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St Kitts

ST KITTS, or ST CHRISTOPHER, an island in the British West Indies, forming, with Nevis and Anguilla, one of the presidencies in the colony of the Leeward Islands. It is a long oval with a narrow neck of land projecting from the south-eastern end; total length 23 m., area 63 sq. m. Mountains traverse the central part from N.W. to S.E., the greatest height being Mount Misery (3771 ft.). The island is well watered, fertile and healthy, and its climate is cool and dry (temperature between 78 and 85 F.; average annual rainfall 38 in.). The circle of land formed by the skirts of the mountains, and the valley of Basseterre constitute nearly the whole of the cultivated portion. The higher slopes of the hills afford excellent pasturage, while the summits are crowned with dense woods. Sugar, molasses, rum, salt, coffee and tobacco are the chief products; horses and cattle are bred. Primary education is compulsory. The principal towns are Old Road, Sandy Point and the capital Basseterre, which lies on the S.W. coast (pop. about 10,000). One good main road, macadamized throughout, encircles the island. The local legislature consists of 6 official and 6 unofficial members nominated by the Crown. St Kitts was discovered by Columbus in 1493 and first settled by Sir Thomas Warner in 1623. Five years later it was divided between the British and* the French, but at the Peace of Utrecht in 1713 it was entirely ceded to the British Crown. Population, mostly negroes, 29,782.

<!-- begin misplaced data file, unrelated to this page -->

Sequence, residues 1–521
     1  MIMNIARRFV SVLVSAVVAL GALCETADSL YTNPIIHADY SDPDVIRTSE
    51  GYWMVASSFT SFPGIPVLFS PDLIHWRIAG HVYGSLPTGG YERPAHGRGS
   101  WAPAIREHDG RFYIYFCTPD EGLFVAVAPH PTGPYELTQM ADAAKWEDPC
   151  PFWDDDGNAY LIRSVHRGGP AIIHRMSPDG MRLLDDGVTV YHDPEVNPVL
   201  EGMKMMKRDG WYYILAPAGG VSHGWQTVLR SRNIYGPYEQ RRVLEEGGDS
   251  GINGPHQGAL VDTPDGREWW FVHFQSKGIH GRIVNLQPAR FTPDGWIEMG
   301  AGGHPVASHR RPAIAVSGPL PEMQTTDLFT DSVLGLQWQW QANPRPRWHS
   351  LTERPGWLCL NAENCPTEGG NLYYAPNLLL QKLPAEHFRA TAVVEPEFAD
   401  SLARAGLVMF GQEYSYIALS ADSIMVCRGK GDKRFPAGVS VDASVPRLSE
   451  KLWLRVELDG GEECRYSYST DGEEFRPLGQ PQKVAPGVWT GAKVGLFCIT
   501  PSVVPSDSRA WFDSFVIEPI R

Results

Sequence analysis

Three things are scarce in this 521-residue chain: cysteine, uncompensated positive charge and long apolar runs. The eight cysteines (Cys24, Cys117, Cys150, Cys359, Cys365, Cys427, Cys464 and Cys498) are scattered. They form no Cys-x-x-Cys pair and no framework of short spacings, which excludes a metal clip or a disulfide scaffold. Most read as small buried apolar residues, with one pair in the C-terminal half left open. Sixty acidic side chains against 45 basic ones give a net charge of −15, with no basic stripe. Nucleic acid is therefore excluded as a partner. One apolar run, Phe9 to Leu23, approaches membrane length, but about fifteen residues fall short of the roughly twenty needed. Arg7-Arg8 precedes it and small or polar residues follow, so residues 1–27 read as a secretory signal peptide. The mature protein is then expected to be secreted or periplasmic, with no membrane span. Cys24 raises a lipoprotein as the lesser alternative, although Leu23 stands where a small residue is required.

Note - this article incorporates content from Encyclopaedia Britannica, Eleventh Edition, (1910-1911)

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